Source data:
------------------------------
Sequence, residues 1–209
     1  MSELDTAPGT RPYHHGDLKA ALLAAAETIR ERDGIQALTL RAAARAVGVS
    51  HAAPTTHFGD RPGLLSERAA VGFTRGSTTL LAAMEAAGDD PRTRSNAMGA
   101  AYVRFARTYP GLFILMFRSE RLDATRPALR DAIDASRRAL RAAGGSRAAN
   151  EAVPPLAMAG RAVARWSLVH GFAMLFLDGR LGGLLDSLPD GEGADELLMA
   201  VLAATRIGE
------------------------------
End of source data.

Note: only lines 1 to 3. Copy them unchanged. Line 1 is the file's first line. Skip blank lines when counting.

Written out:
Sequence, residues 1–209
     1  MSELDTAPGT RPYHHGDLKA ALLAAAETIR ERDGIQALTL RAAARAVGVS
    51  HAAPTTHFGD RPGLLSERAA VGFTRGSTTL LAAMEAAGDD PRTRSNAMGA